"When I came to court, I found the Queen ill disposed and she kept her inner lodging; yet she, hearing of my arrival sent for me. I found her in of her withdrawing chambers sitting low upon her cushions. She called me to her, I kissed her hand, and told her it was by chiefest happiness to see her in safety and in health, which I wished might long continue. She took me by the hand, and wrung it hard and said, 'No Robin, I am not well,' and then discoursed with me of her indisposition, and that her heart had been sad and heavy for ten or twelve days and in her discourse, she fetched not so few as forty or fifty great sighs. I was grieved at the first to see her in this plight, for in all my lifetime before I never knew her fetch a sigh..."**
On the 23rd of March Elizabeth counselors gathered round her bedside to determine who she would name as her successor. Elizabeth's decision to never marry and thus produce a Tudor heir to the throne meant that at her death, the direct Tudor line died out. Elizabeth was so ill that she could not speak; her adviser, Robert Cecil, asked if she wanted James VI of Scotland to ascend the throne following her death. Elizabeth gestured with her hands to assert that it was her wish that Mary Queen of Scots' son would become the next king of England. James had the most legitimate claim to the throne (He was the grandson of Margaret Tudor) and had been communicating with both Elizabeth and Cecil in the year before her death. Elizabeth died early the next morning from an unknown cause of death. Historian GJ Meyer believes it would have been one of the following illnesses: pneumonia, streptococcus, organ failure or lead poisoning from her make-up.Elizabeth's body was prepared for burial and laid in state for several weeks. Her funeral would take place on April 28th at Westminster Abbey.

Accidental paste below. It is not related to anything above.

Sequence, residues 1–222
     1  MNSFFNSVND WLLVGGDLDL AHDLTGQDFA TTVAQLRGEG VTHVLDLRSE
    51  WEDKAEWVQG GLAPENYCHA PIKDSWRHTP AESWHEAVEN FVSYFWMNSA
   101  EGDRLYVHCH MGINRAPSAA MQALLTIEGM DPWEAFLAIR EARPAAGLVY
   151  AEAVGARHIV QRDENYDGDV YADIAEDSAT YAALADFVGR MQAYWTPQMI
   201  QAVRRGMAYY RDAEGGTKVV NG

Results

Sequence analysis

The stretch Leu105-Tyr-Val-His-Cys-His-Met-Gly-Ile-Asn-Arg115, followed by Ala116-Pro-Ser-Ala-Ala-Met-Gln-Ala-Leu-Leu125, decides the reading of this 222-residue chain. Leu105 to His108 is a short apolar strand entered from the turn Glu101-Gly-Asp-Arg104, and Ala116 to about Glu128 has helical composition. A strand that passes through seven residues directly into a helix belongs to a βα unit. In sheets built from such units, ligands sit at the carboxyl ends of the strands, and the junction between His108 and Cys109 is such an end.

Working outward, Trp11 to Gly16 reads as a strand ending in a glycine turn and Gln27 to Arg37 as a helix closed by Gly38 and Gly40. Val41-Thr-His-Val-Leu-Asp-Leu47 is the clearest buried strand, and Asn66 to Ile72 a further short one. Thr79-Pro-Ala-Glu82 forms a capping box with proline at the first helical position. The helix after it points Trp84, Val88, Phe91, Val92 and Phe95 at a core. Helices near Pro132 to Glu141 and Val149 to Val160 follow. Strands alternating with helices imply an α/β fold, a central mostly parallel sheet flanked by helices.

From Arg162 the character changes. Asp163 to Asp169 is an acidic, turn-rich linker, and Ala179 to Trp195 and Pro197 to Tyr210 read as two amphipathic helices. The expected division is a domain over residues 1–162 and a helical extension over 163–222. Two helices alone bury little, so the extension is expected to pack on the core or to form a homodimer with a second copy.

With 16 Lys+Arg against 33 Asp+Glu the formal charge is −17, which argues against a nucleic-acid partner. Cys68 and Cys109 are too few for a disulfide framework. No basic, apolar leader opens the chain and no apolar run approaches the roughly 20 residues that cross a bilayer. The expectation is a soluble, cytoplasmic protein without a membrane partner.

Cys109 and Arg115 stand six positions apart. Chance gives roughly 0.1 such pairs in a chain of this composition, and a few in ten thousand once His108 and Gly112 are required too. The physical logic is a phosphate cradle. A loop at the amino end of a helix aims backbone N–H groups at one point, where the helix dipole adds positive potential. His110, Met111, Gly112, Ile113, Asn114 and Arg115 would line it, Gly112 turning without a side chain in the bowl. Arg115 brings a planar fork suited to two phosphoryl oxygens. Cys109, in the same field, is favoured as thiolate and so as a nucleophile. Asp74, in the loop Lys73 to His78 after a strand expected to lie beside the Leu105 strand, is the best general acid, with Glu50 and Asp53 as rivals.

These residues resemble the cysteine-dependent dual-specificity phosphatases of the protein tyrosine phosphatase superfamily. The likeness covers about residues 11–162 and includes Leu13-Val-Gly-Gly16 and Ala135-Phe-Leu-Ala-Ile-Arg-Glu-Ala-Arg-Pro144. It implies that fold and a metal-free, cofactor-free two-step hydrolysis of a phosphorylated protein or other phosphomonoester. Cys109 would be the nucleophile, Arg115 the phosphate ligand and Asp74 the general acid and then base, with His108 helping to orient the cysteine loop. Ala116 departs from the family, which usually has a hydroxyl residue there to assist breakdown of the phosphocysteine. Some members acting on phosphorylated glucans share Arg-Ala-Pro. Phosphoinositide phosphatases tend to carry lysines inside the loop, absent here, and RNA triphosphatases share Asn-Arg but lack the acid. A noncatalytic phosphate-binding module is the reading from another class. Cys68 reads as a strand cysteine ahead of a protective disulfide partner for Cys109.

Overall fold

|Portrait of the aging Elizabeth I by Marcus Gheeraerts c 1595|
Sources: Elizabeth I by David Starkey, The Tudors: The Complete Story of England's Most Notorious Dynasty by GJ Meyer, The Life of Elizabeth I by Alison Weir.